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Alyssa will be checking in each day from the 2012 IronMana Bora Bora Liquid Festival. Come back here for updates throughout the week.
Before I type another word this week, I need to say this: I know.
I know how lucky I am to be writing this piece from a private deck outside of a private bungalow on a private island in French Polynesia while my colleagues are toiling away at MLB winter meetings in Nashville or freezing their tushes off covering late-season games in Green Bay.
I know I owe my editor a stint as the late-night curling reporter at the next Olympics, as well as a very nice gift. Remind me: What size are you in Tahitian black pearls?
|The view that greeted me as I landed in Bora Bora.|
And I know, without question, this will not be the last time I visit Bora Bora, nor will it be the last time I attend the Liquid Festival. And I can say that after spending only one day on this island, meeting and talking with some of the more energizing people I've met in a long time.
There are two ways to travel to Bora from the United States. You can take an eight-hour daytime flight from LAX to Papeete, Tahiti's capital city, spend the night in Papeete and fly to Bora the next morning (what I did) or take an overnight flight from LAX, spend a few hours at the Papeete airport and then take that same a.m. flight to Bora. Either way, you arrive at your final destination -- which after landing on Bora Bora, requires a boat ride to your hotel -- around midday.
For those of us here to cover or participate in the Liquid Festival, today was a lay day. But for the event's organizers, it was a rest day. Yesterday afternoon (which was Sunday, as it is now 11 p.m. TAHT on Monday as I sit down to write this), event organizer Stephan Lambert and eight other men (three Americans, five Tahitians) arrived after sailing 400 kilometers from Tahiti to Bora Bora aboard traditional three-man Hawaiian outrigger sailing canoes. The channel crossing took four days and 40 hours of sailing and paddling and included stops on the islands of Moorea, Raiatea and Tahaa.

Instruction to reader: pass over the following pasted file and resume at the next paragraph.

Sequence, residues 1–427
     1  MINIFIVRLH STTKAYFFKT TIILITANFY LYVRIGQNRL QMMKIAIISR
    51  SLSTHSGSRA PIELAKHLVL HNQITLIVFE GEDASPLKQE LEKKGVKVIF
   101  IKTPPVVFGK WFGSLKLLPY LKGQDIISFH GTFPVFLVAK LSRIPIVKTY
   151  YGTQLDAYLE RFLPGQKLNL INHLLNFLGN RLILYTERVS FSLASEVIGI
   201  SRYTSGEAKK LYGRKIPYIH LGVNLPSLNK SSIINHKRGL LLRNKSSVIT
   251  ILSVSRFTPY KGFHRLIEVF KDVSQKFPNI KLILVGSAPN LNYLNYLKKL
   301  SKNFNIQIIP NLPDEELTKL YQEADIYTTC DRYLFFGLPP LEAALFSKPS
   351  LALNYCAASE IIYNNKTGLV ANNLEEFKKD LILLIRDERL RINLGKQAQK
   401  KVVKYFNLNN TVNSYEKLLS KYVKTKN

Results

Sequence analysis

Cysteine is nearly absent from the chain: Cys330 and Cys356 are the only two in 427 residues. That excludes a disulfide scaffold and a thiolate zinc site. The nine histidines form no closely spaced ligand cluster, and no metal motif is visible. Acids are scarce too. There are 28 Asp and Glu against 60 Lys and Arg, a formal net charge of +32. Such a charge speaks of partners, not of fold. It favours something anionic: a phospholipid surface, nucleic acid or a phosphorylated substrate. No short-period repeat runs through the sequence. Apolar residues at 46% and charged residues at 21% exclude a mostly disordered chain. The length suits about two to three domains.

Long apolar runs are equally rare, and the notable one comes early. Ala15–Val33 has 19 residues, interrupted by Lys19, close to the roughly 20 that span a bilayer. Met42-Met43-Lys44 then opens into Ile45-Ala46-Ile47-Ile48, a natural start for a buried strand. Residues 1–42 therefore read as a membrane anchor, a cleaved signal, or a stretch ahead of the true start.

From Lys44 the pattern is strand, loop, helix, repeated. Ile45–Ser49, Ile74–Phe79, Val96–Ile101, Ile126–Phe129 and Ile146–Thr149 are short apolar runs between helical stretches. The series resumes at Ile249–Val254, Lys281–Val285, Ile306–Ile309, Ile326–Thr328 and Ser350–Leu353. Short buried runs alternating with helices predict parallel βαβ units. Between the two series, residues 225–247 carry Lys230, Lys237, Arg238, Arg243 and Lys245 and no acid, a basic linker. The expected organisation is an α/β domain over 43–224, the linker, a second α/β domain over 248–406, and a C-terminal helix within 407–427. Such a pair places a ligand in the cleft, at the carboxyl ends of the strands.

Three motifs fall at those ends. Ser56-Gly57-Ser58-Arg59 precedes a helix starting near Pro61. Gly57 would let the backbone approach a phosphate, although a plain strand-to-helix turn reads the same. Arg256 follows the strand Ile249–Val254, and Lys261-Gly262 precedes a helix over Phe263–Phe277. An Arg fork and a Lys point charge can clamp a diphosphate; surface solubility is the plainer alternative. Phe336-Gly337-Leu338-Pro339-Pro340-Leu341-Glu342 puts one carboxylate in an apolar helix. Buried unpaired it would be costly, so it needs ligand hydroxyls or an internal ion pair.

This is the third year Lambert has opened the event with a channel crossing, a grueling test of mental and physical strength that also serves to announce the start of the festival to the people of Tahiti. Last year, Lambert captained the only Holopuni on the journey. (Holopuni, which means "to sail everywhere" in Hawaiian, are modern-day versions of ancient sailing canoes developed by Kauai local Nick Beck, who founded the Hawaiian Canoe Sailing Association in the early 1970s and was one of the captains on this crossing.) This year, his flock grew to three boats, and at each stop, local Tahitians greeted the sailors on the beach and welcomed them into their homes.
"It's not often the local people see sailing canoes coming to their island, and they're curious people," said Lambert, who utilizes social media to let locals know when the crossing is coming to their island. Each year, the trip takes a different route, as does the five days of stand-up paddleboarding (SUP), OC-3, surf-ski and open-water swimming racing that follows on Matira Beach. "The concept is to never do the same event two years in a row," Lambert says in a thick, French accent. "I like that we start with the beginning of a story, but we write the rest of the story as we go along."
And as he goes along, he collects a fascinating cast of characters. That, too, is part of Lambert's goal: to inspire future watermen and women to carry on these ancient sports long after he and Nick are gone and gather them, once a year, to celebrate. On Wednesday morning, Lambert and his crossers will teach local children the art of the sailing canoe and, in the years to come, hope their channel crossing grows to include sailors, paddlers and outdoor aficionados from around the world, men and women wishing to challenge themselves for 400 kilometers in one of the most beautiful settings on earth.
"The journey of a channel crossing is a human experience, an inside experience. It's not about racing. It's about asking more from yourself," Lambert said. "The more you push your limits, the more you feel alive. That's not being a masochist. That's being an explorer. Most see pain as a wall and they stop at that wall. But I believe what is behind that wall is nice, you just need to have faith that whatever is on the other side will be good.
"After pain comes joy. A crossing like we just did was a challenge, but it will give us six months of energy."
This, I quickly learn, is how Lambert speaks, in a sort of extreme poetry. He is an intense, taciturn fellow. But the few words he chooses are worth your ear. Originally from Cannes, France, and a professional tennis player until his mid-teens, Lambert visited Hawaii for the first time at 15 and fell in love. Shortly afterward, he quit tennis, moved to Hawaii and, for the past 18 years, has called Tahiti home. Thirteen years ago, his passion for the outdoors and a desire to spread the gospel of wellness and water sports inspired him to start the first of these festivals, part grueling endurance race, part celebration of Polynesian seafaring culture.
This year's event hasn't even started, and I already can't wait for 2013.